The world is facing an epidemic, but the epidemic isn’t disease-related.
Every day, 39,000 underaged girls marry older men and are robbed of their innocence. To raise awareness against the practice, Norway began a campaign called Stoppbrvllupet, or Stop the Wedding. But the campaign isn’t using ordinary awareness tactics such as signs and TV ads to garner attention; they’re bringing the issue to life.
On October 11, 2014, a 12-year-old Norwegian girl named Thea will marry 37-year-old Geir — unless the public does something to stop it.
Plan Norway, the organization that provides children with a better future in developing countries, planned the wedding to coincide with the UN’s Internatinal Day Of The Girl, a day which seeks to recognize, “highlight, discuss, celebrate and ultimately advance girls’ lives and opportunities across the globe.” Plan Norway explains on their page that they want to expose the horrible practice that child marriage is by juxtaposing it with the happy occasion that it should be.
“Many girls dream about their wedding day and this day is often referred to as one of the happiest days of their lives,” the campaign says on their site. “But for 39,000 young girls who get married every day, their wedding day is the worst day of their life.”
To really drive the point home, Thea consistently contributes to a blog, where the 7th grader details her wedding plans, like cake tasting and dress shopping, leading up to the big day. On October 8, three days before she weds, she wrote a blog (translated to English from Norwegian) titled “I certainly will not become a vet.”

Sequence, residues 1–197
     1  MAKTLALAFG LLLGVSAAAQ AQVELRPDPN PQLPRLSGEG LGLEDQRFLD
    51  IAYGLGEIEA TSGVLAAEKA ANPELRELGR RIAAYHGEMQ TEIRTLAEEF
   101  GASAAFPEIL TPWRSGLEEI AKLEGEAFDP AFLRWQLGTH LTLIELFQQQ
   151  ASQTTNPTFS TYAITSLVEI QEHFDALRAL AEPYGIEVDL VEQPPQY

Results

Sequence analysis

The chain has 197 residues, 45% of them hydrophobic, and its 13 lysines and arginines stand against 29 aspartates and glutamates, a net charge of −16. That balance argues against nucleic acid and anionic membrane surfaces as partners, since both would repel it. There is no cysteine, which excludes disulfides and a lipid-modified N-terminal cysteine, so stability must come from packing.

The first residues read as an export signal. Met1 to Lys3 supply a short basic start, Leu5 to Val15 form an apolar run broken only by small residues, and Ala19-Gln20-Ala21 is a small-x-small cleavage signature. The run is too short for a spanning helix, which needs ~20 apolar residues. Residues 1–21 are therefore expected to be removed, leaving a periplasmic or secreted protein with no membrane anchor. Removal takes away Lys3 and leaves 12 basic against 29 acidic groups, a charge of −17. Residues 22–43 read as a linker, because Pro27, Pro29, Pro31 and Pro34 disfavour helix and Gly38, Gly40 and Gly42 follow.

“My dream has always been that I want to be a vet because then I can work with horses and stuff like that all the time. But, when I talked about it today to Mom, she said that I do not really need and work on some things or going to school now that I’m marrying geir.”
In addition to Thea’s “fake” blog, PN has included blogs from real child brides, that detail what their lives are now like as married girls. Including 16-year-old Sadia from Bangledesh, who has a baby.
Although many people have called the police and child welfare services, others are helping on a grander scale by spreading the word. Plan Norway and advocates against child marriage are encouraging people to sponsor a girl. They’re also leading the way on a petition to stop child marriage, which people can use the #stopthewedding hashtag to spread.
And according to Plan Norway’s National Director, Olaf Thommessen, the campaign is working.
“People who normally don’t engage in development issues, are now campaigning to stop child marriage,” he told A+.
With photos like these, it’s now impossible to ignore.